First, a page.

That port city is next to Vladivostok, where Mr. Kazachuk is based. Ship traffic data and shipping agency executives said the ship had reported Nakhodka as its destination after leaving Busan with the cars.
The center’s report did not say with certainty what happened there with the sedans. But the researchers say the cars might have been flown from Russia to North Korea. On Oct. 7, three cargo jets from Air Koryo, North Korea’s state-run airline, arrived in Vladivostok, according to a video online and flight tracking data. (That happened to be the same day Mr. Kim drove in a Rolls-Royce through Pyongyang to meet with Mr. Pompeo.)
It is rare for North Korean cargo planes to fly to Vladivostok. The jets are the exact same airplanes used to transport Mr. Kim’s vehicles outside North Korea, according to tail numbers.
“Given the heavy lift cargo capacity of the planes and their role in transporting Kim Jong-un’s armored limousines, it is possible that the cargo jets could have loaded the Mercedes,” the report said.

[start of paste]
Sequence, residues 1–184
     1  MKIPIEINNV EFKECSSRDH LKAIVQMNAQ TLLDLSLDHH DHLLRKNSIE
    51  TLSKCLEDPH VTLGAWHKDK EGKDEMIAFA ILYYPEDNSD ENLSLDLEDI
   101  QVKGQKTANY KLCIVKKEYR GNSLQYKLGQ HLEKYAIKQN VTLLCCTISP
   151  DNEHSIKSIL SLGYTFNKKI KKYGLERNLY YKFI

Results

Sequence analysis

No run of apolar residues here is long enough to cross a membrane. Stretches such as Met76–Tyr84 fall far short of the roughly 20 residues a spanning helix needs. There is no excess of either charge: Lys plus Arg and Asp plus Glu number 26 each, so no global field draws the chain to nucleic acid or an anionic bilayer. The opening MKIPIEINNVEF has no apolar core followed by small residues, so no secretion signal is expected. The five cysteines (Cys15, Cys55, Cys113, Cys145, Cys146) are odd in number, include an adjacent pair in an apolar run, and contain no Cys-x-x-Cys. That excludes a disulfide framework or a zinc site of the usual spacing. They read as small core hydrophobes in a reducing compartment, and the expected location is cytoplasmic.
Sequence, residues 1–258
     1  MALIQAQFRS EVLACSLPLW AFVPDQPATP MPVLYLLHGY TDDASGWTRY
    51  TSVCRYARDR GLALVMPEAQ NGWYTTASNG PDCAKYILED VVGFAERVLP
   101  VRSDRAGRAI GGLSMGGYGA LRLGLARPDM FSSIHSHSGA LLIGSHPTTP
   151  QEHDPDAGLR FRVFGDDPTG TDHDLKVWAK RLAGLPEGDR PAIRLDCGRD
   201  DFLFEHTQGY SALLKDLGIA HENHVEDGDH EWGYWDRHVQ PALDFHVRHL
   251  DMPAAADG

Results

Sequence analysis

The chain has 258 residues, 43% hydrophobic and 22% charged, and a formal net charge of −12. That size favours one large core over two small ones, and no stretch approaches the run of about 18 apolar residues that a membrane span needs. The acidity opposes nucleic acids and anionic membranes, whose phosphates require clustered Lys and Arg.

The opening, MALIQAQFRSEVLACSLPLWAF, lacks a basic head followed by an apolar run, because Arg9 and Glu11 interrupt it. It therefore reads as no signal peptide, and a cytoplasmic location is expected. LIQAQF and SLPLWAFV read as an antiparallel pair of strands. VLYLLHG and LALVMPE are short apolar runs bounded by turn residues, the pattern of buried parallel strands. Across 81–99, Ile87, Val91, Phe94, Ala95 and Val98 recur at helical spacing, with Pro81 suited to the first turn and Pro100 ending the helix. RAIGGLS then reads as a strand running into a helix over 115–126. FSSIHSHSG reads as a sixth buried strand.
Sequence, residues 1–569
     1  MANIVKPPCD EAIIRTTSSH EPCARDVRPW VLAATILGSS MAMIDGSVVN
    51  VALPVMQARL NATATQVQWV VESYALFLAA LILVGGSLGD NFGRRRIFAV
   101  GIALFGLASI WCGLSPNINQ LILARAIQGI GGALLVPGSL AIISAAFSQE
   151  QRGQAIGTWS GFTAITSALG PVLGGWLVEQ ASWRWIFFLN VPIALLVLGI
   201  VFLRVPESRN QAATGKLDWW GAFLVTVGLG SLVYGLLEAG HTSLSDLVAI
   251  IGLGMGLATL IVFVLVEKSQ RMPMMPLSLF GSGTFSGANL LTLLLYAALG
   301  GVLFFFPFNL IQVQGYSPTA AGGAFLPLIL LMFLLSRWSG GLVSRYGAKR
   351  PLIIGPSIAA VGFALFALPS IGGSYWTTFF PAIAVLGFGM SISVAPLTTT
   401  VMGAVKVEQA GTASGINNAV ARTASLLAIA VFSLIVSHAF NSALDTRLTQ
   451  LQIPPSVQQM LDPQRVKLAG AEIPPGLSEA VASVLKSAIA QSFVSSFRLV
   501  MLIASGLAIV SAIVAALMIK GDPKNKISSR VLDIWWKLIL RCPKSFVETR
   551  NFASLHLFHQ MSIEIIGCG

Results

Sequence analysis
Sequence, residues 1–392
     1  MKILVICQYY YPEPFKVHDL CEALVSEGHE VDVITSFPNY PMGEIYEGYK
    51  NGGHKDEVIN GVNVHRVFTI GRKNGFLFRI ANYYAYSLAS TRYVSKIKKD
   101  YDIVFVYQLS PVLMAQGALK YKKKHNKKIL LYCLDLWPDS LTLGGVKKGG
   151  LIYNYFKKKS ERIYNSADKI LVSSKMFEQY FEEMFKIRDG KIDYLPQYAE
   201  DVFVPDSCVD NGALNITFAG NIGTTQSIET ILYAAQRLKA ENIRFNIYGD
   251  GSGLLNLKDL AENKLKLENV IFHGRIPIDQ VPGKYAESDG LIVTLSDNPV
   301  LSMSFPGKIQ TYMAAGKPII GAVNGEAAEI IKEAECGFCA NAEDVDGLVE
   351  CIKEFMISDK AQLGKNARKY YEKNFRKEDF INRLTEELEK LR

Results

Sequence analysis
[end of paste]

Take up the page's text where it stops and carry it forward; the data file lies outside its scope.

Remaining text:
Four months later, on Jan. 31, 2019, the same model of Mercedes drove through the streets of Pyongyang to the headquarters of the central committee of the Workers’ Party of Korea, according to video footage analyzed by NK Pro. The sedans also appeared that day alongside Mr. Kim in a photo session with an art delegation.
In a telephone interview, Mr. Kazachuk acknowledged that he was responsible for the DN5505, but declined to give details about the shipment of the cars or say how or whether he had transferred them to North Korea.
“This is my company’s business secret,” he said. “Why do I need to tell everybody where I bought these cars and to whom I sold the cars?”
There is no evidence tying Mr. Kazachuk to the movement of military technology or goods to North Korea, but international sanctions experts say the Russian Far East is a common transit point for smuggled goods going to and from North Korea.